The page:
Breast Health Basics


There are a few things you can do in order to keep on top of your breast health.

  • Know Your Body. The most important thing a woman can do is be aware of how her breasts normally look and feel during different times of her monthly cycle. Medical professionals no longer hold fast to the idea of scheduled, structured, monthly breast self-exams, but more on the notion that a woman should know her body. If scheduled self-exams are the best way for you to do that, great! Keep doing what works for you. If you would rather just pay attention while soaping up in the shower then check things out in the mirror before you get dressed, that’s ok too. The important thing is that you know YOUR normal, and talk to your doctor about any changes.
  • Mammograms. The American Congress of Obstetricians and Gynecologists recommends starting yearly mammograms at age 40 for those at average risk of developing breast cancer. If you are at higher risk, ask your health care provider what tests are right for you.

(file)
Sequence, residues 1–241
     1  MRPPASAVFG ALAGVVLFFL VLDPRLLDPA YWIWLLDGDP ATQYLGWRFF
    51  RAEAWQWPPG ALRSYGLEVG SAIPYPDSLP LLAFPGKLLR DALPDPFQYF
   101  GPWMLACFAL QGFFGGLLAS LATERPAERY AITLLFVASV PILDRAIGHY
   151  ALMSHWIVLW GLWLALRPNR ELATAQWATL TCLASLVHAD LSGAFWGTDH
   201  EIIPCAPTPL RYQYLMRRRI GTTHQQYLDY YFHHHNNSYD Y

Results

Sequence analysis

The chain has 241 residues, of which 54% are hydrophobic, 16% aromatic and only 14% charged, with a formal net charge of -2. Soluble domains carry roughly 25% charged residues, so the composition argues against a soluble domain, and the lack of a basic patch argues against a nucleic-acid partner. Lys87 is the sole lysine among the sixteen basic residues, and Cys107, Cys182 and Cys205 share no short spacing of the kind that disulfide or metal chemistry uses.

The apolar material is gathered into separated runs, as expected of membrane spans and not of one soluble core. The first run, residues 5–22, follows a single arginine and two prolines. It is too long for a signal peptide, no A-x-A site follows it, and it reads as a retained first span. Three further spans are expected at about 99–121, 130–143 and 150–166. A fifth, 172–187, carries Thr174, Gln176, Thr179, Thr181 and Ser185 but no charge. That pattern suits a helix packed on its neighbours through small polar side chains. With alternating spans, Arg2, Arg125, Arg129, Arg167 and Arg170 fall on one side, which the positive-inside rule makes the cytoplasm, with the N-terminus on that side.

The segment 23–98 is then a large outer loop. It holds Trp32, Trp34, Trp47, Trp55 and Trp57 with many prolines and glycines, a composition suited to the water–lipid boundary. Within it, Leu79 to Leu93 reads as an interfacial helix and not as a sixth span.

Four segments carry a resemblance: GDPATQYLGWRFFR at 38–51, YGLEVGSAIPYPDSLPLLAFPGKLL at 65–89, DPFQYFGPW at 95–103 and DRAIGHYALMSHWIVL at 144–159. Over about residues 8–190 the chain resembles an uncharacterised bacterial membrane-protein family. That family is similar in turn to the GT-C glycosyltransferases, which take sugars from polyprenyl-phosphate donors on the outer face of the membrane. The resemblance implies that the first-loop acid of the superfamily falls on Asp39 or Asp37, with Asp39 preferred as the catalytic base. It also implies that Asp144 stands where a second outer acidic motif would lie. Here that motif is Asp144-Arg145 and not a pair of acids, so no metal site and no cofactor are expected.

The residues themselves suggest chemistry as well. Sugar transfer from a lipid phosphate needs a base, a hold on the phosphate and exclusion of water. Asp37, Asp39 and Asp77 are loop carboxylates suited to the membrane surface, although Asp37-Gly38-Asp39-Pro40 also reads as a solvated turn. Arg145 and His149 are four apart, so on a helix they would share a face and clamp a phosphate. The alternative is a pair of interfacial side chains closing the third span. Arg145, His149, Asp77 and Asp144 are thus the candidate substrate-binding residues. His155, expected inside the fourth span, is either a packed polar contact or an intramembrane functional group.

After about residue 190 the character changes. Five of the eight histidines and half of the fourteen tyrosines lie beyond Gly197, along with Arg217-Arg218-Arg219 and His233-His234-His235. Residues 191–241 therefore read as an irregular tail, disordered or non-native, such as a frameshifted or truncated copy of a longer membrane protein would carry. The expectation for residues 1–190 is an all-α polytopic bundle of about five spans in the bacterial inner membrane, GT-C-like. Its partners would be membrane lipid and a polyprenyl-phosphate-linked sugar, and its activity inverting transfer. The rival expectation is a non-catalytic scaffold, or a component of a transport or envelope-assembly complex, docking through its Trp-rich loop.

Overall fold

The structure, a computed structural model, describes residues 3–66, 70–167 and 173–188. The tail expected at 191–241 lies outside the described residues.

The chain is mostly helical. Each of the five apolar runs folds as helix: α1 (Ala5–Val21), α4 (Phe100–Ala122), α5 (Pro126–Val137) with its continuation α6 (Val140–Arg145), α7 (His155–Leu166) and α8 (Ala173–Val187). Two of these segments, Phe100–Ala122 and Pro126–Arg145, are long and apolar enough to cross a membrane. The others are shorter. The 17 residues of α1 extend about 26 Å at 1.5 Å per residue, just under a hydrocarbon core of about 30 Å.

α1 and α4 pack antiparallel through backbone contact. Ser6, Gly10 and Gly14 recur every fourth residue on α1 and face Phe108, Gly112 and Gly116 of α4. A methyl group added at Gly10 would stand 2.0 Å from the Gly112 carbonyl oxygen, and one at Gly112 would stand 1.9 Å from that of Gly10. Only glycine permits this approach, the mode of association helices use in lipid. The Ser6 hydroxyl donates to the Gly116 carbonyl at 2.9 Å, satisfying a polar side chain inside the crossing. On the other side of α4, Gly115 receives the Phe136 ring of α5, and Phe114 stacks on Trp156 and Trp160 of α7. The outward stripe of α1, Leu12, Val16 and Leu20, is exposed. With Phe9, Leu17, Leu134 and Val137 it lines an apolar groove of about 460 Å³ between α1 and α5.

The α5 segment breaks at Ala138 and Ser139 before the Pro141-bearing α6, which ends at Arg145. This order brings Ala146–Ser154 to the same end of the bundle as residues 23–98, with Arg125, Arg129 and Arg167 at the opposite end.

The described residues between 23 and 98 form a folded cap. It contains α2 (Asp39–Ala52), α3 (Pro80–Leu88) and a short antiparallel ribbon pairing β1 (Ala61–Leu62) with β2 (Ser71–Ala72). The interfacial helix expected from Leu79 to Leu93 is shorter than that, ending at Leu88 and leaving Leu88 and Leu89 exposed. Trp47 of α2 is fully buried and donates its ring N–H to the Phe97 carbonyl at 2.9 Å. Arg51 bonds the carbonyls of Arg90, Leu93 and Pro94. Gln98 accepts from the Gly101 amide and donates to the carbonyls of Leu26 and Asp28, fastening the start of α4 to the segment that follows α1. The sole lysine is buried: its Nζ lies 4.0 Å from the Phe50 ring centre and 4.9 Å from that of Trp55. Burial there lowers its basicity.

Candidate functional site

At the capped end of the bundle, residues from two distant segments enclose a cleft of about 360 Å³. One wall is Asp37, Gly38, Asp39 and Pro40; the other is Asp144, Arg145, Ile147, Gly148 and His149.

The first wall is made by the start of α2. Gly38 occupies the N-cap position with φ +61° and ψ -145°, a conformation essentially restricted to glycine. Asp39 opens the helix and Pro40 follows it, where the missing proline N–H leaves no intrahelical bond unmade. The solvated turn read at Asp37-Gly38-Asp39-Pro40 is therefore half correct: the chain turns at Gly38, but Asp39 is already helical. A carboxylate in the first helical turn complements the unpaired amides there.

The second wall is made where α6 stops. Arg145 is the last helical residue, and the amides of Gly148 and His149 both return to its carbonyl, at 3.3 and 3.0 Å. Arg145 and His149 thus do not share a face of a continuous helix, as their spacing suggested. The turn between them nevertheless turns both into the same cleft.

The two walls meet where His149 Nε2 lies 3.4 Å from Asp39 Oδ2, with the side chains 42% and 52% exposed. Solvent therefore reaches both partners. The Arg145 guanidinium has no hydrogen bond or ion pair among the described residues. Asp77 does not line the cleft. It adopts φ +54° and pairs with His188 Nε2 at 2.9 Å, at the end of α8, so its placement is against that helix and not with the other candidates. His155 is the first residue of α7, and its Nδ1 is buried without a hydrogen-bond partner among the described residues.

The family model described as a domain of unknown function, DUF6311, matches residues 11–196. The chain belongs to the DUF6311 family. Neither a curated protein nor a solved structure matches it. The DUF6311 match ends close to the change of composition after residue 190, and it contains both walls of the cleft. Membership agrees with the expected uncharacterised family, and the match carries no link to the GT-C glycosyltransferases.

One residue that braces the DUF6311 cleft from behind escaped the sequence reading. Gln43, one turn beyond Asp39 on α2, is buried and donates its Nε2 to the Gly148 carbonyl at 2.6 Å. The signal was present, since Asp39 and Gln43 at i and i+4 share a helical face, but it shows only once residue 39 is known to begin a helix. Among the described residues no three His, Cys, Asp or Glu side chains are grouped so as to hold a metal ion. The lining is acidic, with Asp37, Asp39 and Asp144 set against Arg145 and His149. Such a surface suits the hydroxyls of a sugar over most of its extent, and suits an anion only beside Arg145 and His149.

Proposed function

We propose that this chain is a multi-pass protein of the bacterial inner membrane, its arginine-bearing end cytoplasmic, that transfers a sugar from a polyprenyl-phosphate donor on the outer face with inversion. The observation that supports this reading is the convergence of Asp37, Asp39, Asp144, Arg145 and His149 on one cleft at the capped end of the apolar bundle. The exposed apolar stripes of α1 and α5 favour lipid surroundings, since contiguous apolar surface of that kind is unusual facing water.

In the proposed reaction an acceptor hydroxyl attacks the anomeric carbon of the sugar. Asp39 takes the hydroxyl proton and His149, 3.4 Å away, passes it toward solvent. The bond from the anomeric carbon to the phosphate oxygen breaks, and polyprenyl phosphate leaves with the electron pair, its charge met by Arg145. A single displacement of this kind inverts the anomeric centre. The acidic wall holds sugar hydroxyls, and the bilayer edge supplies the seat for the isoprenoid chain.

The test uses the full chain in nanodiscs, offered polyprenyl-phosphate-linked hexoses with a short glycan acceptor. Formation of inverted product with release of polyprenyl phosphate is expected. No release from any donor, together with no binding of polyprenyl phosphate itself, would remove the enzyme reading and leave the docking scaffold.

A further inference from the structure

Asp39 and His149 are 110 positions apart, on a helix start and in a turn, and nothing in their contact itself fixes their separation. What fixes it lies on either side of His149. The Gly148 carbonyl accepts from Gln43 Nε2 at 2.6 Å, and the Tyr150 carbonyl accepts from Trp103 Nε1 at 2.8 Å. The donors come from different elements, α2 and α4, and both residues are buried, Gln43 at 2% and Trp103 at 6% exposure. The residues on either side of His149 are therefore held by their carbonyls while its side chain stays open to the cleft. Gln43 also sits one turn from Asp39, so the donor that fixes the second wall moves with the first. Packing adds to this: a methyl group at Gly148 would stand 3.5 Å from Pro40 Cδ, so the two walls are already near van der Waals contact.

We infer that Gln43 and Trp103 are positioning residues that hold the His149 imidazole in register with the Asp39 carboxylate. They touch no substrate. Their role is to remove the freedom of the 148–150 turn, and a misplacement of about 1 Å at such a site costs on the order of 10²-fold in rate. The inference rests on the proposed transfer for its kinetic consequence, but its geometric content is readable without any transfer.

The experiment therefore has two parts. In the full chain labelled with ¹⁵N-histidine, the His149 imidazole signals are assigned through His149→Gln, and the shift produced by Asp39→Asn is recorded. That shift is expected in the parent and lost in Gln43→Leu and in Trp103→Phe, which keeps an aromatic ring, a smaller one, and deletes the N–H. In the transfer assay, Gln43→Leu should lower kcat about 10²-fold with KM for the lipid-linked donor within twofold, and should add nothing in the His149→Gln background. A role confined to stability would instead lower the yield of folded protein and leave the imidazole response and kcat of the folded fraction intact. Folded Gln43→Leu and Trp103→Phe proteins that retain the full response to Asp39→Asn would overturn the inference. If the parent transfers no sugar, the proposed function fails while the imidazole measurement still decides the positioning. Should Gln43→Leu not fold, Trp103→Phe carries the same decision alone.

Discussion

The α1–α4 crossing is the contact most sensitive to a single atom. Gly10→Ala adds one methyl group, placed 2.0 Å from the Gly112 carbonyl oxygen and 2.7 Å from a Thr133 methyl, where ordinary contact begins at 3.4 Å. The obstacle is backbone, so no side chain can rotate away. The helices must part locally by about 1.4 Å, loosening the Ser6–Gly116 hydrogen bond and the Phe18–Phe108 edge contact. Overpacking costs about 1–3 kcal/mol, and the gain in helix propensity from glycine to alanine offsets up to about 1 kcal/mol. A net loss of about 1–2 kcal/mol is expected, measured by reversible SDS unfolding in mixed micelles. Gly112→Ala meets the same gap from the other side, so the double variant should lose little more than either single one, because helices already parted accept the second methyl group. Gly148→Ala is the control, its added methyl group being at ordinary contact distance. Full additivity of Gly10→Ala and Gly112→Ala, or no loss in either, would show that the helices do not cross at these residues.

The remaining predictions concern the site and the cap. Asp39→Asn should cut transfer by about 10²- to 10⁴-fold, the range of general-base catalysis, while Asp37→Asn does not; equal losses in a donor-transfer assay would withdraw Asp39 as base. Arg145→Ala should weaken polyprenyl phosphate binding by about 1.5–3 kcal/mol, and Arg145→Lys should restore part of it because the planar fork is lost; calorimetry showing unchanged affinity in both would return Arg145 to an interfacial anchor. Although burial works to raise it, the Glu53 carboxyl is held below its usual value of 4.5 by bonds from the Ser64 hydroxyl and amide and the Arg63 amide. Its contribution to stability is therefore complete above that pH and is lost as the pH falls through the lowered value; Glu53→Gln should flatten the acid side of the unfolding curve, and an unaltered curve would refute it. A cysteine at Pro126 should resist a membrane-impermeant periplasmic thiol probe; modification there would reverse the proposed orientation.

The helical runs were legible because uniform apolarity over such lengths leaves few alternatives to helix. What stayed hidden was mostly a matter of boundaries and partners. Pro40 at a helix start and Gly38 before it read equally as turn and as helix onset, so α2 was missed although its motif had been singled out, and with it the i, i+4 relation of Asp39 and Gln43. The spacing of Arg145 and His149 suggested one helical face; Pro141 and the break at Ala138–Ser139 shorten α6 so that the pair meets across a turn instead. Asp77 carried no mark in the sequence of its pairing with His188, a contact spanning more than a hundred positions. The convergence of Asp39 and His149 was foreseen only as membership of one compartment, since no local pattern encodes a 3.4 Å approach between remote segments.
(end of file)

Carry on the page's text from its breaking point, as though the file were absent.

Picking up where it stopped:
• Clinical Breast Exams. Clinical breast exams by your health care provider should be part of a periodic health exam, about every three years for women in their 20s and 30s, and every year for women 40 and older.
  • Choose a Healthy Lifestyle.
    • Maintain a healthy weight.
    • Exercise.
    • Limit alcohol consumption and don’t smoke.
    • Limit postmenopausal hormone use.
    • Breastfeed, when possible.


  • A lump or thickening in or near the breast or in the underarm area.
  • Breast or nipple pain.
  • A change in the size or shape of the breast.
  • A nipple turned inward.
  • Scaly, rippled, red, or swollen skin on the breast, areola, or nipple.
  • Nipple discharge (fluid).
  • A new pain in one spot that does not go away.

Remember, even if you find a lump or have other breast changes, it does not mean that you have breast cancer.  Some of these symptoms can be attributed to a woman’s monthly cycle or other less serious conditions, such as mastitis. Confirmation of cancer can only be determined by microscopic examination of the tissue.

What if I don’t have health insurance?  You may qualify for a free mammogram through the Virginia Department of Health’s Every Woman’s Life Program.  Call 1-866-395-4968 to see if you qualify.

Know your body.

Be your own health advocate!



Facts & Figures updated January 2015.  Page updated 12/8/2015.